** Indicates rolling admission application process. Applicants will be immediately notified of acceptance into this program and be able to complete post-decision materials prior to the term's application deadline.
This semester attracts students from all majors who are interested in gaining an in-depth understanding of our world’s oceans. It is also open to gap year/winter start students who have graduated from high school but not yet matriculated at a college or university.
Gain a comprehensive understanding of the world’s oceans
Make a long, blue-water sailing passage
Take your learning out of the classroom and into the field
Develop new skills in leadership, teamwork, and research
Understanding the oceans is an essential component of appreciating how the world works and how we relate to it as human beings. The sea is so complex that it is impossible to comprehend from the perspective of a single academic discipline. With that in mind, this interdisciplinary program combines insights from oceanography, the humanities, and the social sciences with practical skills in seamanship, allowing students to deepen their awareness of and appreciation for the ocean through hands-on research and personal experience. In this semester, students will address and answer some of the most pressing global questions related to the ocean environment.
During an initial 6-week shore component in Woods Hole, academic coursework will prepare students for their research voyage from Woods Hole to the Caribbean. With full access to SEA faculty, guest lecturers, and the world-renowned Woods Hole Oceanographic Institution/Marine Biological Laboratory Library, students will design original research projects to be completed at sea. Maritime Studies coursework will complement this research by offering a wider historical and social perspective on the impact of humans on the world’s oceans, and on the experience of going to sea. Finally, Nautical Science coursework will introduce practical seamanship skills and the theoretical background necessary to for students safely operate a tall ship at sea.
As full, working members of the scientific team and sailing crew aboard the SSV Corwith Cramer, students will then spend the next six weeks at sea managing shipboard operations, navigating by the stars, analyzing oceanographic samples, while making a blue-ocean passage in the North Atlantic Ocean. Perhaps most importantly, students will learn to challenge themselves and will develop new skills in leadership, teamwork, and research.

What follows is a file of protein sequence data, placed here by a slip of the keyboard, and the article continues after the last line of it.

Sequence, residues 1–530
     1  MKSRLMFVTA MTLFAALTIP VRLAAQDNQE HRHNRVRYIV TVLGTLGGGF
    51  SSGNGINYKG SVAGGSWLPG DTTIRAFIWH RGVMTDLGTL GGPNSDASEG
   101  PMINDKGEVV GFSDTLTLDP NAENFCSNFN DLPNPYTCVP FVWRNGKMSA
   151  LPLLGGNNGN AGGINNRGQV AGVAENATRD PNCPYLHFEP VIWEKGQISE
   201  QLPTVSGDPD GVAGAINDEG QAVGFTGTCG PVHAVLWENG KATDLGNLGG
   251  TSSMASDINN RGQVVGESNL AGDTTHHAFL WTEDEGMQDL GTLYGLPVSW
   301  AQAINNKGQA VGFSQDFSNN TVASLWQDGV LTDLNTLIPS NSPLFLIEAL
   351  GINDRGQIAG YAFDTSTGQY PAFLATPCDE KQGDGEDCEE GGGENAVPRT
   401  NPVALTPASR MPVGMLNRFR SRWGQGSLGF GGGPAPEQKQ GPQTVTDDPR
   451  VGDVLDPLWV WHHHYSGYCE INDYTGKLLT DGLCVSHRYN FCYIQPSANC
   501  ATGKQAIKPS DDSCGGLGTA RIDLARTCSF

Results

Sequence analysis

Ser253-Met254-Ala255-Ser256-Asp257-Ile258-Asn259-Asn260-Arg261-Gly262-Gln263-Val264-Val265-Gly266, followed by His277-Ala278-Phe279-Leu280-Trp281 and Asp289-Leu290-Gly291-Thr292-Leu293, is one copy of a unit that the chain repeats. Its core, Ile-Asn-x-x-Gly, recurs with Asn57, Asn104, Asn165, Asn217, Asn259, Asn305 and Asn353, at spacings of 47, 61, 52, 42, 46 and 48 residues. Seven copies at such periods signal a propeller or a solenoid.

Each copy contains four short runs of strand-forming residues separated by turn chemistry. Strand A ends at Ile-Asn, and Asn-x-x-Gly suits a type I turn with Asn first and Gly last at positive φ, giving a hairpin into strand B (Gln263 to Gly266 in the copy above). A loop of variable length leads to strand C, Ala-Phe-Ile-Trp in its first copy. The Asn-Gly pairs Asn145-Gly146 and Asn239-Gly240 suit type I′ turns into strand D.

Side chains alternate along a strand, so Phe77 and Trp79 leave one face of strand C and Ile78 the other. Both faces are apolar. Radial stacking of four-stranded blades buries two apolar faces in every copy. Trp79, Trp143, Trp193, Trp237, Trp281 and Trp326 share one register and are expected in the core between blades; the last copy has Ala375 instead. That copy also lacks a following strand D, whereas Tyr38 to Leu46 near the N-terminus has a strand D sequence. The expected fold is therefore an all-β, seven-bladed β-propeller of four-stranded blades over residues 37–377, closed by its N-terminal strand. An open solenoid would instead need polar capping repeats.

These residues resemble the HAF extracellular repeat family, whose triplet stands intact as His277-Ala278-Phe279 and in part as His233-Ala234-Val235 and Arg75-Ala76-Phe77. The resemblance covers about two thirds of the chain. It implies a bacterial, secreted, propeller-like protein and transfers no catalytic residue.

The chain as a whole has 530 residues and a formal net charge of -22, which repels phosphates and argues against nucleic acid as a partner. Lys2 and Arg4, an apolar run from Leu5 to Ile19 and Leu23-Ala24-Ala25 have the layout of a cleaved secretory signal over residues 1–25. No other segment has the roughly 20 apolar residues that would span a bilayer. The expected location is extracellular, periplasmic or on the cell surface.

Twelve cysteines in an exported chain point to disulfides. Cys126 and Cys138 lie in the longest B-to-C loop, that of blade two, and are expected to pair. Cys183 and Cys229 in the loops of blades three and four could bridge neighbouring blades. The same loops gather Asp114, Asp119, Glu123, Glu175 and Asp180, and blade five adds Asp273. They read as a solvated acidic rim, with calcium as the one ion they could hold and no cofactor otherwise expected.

Academic Coursework & Credit
SEA Semester: Ocean Exploration offers 17 credits from Boston University. Courses are as follows:
Oceanography (200-level, 3 credits) Prereq: Admission to SEA Semester.
Explore how interconnected ocean characteristics (bathymetry, seawater chemistry, biological diversity) and processes (plate tectonics, surface and deep-water circulation, biological production) shape global patterns across multiple scales. Discuss destination-specific environmental issues and hot topics in marine research.
Maritime Studies (200-level, 3 credits) Prereq: Admission to SEA Semester.
Relationship between humans and the sea. History, literature and art of our maritime heritage. Ships as agents of contact change. Political and economic challenges of contemporary marine affairs. Destination-specific focus.
Nautical Science (200-level, 3 credits) Prereq: Admission to SEA Semester.
Learn the fundamentals of sailing ship operation, in preparation for direct application at sea. Navigation (piloting, celestial and electronic), weather, engineering systems, safety, and sail theory. Participate as an active member of the ship’s crew on an offshore voyage.
Oceanographic Field Methods (200-level, 4 credits) Prereq: Admission to SEA Semester.
Exposure to basic oceanographic sampling methods. Participate in shipboard laboratory operations to gain experience with deployment of modern oceanographic equipment and collection of scientific data at sea. Emphasis on practicing consistent methods and ensuring data fidelity.
Choice of Research Courses (4 credits each) Directed Oceanographic Research (300-level, 4 credits)
Design and conduct original oceanographic research. Collect data and analyze samples. Compile results in peer-reviewed manuscript format and share during oral or poster presentation session. Emphasis on development of research skills and written/oral communication abilities.
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Practical Oceanographic Research (200-level, 4 credits)
Introduction to oceanographic research. Design a collaborative, hypothesis-driven project following the scientific process. Collect original data. Conduct analysis and interpretation, then prepare a written report and oral presentation.